As the committees of the National Conference entered the second day of their deliberations Wednesday, majority of the delegates in the Political Parties and Electoral Reforms Committee have resolved to push for an outright ban on adoption of consensus by political parties in choosing candidates for elections.
The delegates unanimously agreed that the use of consensus arrangement by political parties in choosing candidates for elective posts was becoming inimical to true democratic practice and should be jettisoned.
The Co-chairman of the Committee, Senator Iyorchia Ayu, who coordinated the proceedings along with Senator Ken Nnamani expressed concern over the lack of a structured method of funding political parties, which he said has enabled some governors to try to hijack the parties.
However, the committee which is sitting at the NICON Luxury Hotel, unanimously adopted the position that all defectors, including the legislators and executive must lose their seats when they cross-carpet to other political parties.
Before now, defecting elected executives were exempted from this rule enunciated by the subsisting Electoral Act 2011 as Amended. Though the resolutions were still at the committee stage, this position was seen as a strong signal to intending defectors among the contending parties.
It has also added another dimension to the brewing tension in the face-off between the ruling Peoples Democratic Party (PDP) and scores of its House of Representatives members who defected to the All Progressive Congress (APC), a scenario which a recent court ruling had frowned at.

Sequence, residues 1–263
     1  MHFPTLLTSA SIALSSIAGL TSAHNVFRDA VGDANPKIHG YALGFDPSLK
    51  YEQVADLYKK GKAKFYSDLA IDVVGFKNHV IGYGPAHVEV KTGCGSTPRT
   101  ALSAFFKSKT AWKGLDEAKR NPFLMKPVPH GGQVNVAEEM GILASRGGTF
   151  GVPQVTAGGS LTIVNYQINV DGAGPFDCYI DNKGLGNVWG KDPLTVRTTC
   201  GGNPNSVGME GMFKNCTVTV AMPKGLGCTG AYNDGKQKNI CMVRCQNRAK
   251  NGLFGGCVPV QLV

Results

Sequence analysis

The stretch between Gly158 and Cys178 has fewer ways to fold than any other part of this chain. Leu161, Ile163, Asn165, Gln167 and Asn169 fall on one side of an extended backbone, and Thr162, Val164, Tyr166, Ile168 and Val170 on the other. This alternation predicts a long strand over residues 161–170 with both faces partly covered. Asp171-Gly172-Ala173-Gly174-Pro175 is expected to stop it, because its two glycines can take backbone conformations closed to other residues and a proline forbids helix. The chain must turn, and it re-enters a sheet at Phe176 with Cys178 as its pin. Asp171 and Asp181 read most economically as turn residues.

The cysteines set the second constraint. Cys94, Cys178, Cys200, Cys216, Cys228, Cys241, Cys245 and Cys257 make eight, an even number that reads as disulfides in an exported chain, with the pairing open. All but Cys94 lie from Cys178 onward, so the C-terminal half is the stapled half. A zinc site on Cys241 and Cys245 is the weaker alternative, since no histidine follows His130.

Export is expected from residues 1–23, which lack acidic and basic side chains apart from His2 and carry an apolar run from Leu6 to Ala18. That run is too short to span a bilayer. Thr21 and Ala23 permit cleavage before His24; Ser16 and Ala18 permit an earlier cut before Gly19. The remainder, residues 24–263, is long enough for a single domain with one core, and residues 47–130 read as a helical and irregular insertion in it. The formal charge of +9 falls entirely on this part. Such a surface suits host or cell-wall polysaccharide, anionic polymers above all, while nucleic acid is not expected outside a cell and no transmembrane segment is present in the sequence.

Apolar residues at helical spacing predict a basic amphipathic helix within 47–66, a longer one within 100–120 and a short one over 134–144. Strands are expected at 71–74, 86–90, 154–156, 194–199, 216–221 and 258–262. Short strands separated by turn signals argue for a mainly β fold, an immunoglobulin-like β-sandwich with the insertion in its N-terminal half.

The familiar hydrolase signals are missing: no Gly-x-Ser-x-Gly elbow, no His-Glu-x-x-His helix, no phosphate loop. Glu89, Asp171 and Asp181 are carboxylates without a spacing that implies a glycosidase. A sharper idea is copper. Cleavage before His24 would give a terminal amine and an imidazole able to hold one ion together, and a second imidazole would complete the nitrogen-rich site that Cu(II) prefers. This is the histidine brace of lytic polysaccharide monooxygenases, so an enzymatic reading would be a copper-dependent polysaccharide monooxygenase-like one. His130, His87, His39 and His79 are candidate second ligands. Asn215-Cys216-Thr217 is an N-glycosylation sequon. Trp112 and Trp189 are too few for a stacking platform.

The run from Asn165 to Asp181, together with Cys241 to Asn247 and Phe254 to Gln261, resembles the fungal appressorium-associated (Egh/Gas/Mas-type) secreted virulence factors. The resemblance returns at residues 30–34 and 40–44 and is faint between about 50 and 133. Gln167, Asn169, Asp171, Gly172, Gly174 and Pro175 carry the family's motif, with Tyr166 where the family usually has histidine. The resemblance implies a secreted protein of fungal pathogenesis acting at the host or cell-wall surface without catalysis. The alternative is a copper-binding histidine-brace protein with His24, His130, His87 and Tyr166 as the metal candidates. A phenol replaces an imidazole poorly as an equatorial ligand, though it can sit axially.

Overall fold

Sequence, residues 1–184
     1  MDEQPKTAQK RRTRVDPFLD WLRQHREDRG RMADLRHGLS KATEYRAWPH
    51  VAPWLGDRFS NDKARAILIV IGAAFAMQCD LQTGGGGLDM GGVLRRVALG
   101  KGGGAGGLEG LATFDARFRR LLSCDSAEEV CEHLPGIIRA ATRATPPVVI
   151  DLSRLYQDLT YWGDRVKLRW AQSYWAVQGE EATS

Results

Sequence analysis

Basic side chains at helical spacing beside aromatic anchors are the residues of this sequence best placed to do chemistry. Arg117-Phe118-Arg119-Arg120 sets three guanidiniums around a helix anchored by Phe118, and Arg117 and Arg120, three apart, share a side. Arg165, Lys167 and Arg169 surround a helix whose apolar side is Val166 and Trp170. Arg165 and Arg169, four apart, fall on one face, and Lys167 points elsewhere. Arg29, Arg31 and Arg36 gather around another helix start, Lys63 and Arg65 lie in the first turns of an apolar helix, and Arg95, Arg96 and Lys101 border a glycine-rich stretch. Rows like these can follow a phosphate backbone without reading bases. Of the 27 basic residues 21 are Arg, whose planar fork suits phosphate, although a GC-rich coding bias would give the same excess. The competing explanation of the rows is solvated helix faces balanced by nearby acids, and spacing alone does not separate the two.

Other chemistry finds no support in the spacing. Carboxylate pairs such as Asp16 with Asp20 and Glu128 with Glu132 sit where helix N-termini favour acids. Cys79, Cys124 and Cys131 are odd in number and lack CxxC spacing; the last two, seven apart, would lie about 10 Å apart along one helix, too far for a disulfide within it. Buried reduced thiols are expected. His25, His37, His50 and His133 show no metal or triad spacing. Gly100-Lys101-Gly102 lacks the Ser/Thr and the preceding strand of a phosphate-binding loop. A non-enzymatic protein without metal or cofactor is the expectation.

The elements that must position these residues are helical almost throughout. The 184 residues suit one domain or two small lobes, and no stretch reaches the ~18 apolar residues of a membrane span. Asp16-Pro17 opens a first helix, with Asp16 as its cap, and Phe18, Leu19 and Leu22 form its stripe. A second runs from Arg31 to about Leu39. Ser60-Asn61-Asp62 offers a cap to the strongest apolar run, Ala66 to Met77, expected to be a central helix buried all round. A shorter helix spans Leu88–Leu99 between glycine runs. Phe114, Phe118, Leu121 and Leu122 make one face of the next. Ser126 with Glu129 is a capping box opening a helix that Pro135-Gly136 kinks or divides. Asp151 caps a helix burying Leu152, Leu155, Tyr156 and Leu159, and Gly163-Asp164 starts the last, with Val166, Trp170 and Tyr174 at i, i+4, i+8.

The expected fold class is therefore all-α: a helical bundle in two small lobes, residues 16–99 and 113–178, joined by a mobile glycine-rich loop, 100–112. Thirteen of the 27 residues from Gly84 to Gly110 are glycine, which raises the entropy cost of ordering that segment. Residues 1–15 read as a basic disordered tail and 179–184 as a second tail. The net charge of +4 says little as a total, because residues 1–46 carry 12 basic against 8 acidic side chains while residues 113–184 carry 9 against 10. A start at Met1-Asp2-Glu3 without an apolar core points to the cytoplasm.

Chief Segun Osoba, a conference delegate and member of the Committee on Political Parties took a swipe to all political parties, including his party, the APC, accusing them of impunity.
On the issue of reforms of the electoral system, Ayu said the committee can only make real progress in its assignment if the secretariat supplies it with copies of the electoral reform report by the Justice Muhammed Uwais committee.
"We ask the secretariat to give us the Uwais Electoral Reform report. I do not know why we should be seeking a fundamental document that will help us do the work. We cannot be groping in the dark nor are we expected to reinvent the will," he said.
All the delegates who spoke on the issue of adoption of consensus candidates by parties condemned the idea, saying it had almost ruined parties’ internal democracy. They agreed that recommendations should be made to discourage the practices through legal sanctions.
Nnamani described the use of consensus, concessions and caucus as the height of fraud. He said parties must be made to adhere strictly to the Electoral Act and the Constitution, which do not recognise anything consensus.
"Everybody must surrender to use of voting to resolve electoral issues. If we stop these practice we would have restored the internal democracy in our parties, " he said.
Another delegate, Kalifa Yusuf said consensus was doing a lot of damage to internal democratic practice of parties.
"Right now, what is happening is that parties organs are being abused. We should try and discourage this word consensus,” he said.
The issue of funding was also discussed with the committee expressing support for the constitutional provision that bares parties from getting funding from government.
They agreed that government should hands off funding of political parties and instead recommended that parties should undertake alternative means in raising their funds through levies, seminars and donations.